NEW YORK (AP) -- Danish drugmaker Genmab A/S said Thursday it could get more than $1 billion from health care giant Johnson & Johnson as the companies develop an experimental cancer treatment.
The companies agreed to collaborate on Genmab's cancer drug daratumumab. Genmab is running clinical trials of the drug as a treatment for multiple myeloma, and the companies suggested they may study it as a treatment for other types of cancer including acute myeloid leukemia. Johnson & Johnson's Janssen Biotech unit will have exclusive worldwide rights to develop and sell daratumumab.
Janssen agreed to pay Genmab about $55 million up-front and make an $80 million investment in the company, giving it a 10.7 percent stake. Genmab could receive $1 billion in further payments if daratumumab progresses through clinical testing, regulatory review, and reaches sales targets. Genmab said it will also get royalty payments of more than 10 percent on sales.
Janssen will cover the costs of two current clinical studies and all other trials afterward.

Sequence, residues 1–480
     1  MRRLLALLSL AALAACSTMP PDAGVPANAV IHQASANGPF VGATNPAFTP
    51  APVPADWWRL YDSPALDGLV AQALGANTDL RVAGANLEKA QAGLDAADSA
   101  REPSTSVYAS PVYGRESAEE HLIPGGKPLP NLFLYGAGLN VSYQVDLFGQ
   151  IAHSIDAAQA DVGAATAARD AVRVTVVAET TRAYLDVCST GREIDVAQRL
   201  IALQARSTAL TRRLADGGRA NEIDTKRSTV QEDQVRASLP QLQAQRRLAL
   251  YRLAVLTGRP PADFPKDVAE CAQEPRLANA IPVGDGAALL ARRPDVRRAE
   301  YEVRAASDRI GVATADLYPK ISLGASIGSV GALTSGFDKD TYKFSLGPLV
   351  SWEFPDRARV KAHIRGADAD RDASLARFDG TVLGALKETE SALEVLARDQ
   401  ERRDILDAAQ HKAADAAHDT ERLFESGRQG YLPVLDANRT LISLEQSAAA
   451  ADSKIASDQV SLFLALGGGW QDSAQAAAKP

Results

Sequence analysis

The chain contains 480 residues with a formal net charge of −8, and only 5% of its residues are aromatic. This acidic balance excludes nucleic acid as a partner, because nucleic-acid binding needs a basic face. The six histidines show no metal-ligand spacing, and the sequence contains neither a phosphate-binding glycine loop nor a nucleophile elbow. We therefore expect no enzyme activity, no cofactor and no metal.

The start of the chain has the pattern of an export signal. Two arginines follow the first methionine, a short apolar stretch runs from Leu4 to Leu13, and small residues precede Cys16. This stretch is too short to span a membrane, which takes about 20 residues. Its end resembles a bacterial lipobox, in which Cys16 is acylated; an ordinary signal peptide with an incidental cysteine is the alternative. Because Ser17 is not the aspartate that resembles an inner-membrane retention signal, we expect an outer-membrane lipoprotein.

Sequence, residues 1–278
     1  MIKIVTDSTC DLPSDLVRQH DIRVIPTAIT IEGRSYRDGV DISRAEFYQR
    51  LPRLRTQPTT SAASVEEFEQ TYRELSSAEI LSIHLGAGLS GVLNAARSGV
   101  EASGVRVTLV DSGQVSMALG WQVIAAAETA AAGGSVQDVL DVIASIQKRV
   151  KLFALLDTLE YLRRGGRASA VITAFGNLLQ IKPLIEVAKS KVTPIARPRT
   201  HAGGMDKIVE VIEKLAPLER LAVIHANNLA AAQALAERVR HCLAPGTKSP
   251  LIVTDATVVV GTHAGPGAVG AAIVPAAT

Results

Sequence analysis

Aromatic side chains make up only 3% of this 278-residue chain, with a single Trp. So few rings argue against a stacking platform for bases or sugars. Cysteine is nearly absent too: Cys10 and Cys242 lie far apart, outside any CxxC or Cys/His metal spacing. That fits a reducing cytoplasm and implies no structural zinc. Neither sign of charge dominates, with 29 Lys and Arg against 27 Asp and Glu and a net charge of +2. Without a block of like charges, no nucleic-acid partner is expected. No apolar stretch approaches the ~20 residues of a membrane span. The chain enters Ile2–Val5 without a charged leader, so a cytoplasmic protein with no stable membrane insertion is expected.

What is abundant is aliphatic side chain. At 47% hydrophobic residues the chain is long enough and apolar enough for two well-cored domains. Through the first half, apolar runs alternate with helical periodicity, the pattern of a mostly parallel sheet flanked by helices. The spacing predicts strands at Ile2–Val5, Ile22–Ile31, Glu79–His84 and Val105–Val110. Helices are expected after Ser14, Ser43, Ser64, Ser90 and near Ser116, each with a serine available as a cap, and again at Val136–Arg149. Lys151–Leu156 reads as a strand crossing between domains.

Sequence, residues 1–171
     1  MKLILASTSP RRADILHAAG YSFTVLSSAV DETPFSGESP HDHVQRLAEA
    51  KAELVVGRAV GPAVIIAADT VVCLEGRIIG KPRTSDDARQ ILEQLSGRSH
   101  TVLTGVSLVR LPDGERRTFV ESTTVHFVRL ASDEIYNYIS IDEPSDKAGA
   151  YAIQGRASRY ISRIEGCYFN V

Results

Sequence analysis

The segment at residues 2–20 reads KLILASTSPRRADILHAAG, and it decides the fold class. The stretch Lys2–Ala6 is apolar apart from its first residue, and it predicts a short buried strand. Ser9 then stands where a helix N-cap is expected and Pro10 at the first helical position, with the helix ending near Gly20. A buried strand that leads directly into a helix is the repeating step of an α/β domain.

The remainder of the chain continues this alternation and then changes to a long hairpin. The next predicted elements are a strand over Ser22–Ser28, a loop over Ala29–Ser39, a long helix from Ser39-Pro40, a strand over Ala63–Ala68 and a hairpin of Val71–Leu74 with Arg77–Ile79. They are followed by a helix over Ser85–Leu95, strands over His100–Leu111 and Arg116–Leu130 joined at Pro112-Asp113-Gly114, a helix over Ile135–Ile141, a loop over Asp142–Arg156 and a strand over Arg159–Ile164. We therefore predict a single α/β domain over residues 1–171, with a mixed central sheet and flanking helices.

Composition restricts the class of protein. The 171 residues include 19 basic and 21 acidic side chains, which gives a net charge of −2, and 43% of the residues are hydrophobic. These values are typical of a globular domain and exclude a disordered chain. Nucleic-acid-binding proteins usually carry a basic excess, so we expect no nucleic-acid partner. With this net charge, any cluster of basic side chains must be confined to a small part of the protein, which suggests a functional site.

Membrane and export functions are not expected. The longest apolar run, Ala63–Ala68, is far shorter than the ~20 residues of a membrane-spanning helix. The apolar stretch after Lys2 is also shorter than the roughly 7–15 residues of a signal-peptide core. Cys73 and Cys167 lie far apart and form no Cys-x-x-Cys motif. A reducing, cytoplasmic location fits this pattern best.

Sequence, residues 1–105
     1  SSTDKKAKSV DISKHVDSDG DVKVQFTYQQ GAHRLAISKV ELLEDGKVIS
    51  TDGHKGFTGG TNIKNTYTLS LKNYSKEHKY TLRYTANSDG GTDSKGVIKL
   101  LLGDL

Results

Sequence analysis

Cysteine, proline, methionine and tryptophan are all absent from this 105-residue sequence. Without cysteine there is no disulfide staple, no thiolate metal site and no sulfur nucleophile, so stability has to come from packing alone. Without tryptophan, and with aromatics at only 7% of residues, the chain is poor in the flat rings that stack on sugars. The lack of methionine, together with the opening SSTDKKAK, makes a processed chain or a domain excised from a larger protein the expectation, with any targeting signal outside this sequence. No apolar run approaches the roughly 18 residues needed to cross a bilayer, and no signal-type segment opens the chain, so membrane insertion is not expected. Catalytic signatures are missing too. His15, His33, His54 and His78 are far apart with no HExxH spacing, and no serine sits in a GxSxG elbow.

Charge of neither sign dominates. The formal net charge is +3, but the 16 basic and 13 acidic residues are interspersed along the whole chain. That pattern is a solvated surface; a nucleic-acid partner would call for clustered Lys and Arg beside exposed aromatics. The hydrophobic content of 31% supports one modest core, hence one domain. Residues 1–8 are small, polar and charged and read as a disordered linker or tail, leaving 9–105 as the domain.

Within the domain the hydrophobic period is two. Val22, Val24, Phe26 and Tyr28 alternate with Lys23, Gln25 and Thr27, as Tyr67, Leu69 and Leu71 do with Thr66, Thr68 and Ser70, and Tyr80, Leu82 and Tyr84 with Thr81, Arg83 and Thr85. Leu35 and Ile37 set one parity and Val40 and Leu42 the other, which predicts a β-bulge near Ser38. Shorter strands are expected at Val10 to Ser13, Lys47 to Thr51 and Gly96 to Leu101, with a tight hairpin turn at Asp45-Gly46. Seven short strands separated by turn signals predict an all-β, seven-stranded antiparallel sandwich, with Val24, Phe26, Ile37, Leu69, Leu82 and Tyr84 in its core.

Multiple myeloma is a type of cancer that causes tumors to grow in the bone marrow, preventing the production of normal blood cells.
Genmab said it now expects 435 million to 460 million kroner ($73.3 million to $77.5 million) in revenue this year, up from a previous estimate of 375 million to 400 million ($63.2 million to $67.4 million)
Genmab's only approved product is Arzerra, a treatment for chronic lymphocytic leukemia. Genmab and GlaxoSmithKline PLC are also studying Arzerra as a treatment for other types of lymphoma, rheumatoid arthritis, and multiple sclerosis.
- experimental cancer treatment
- multiple myeloma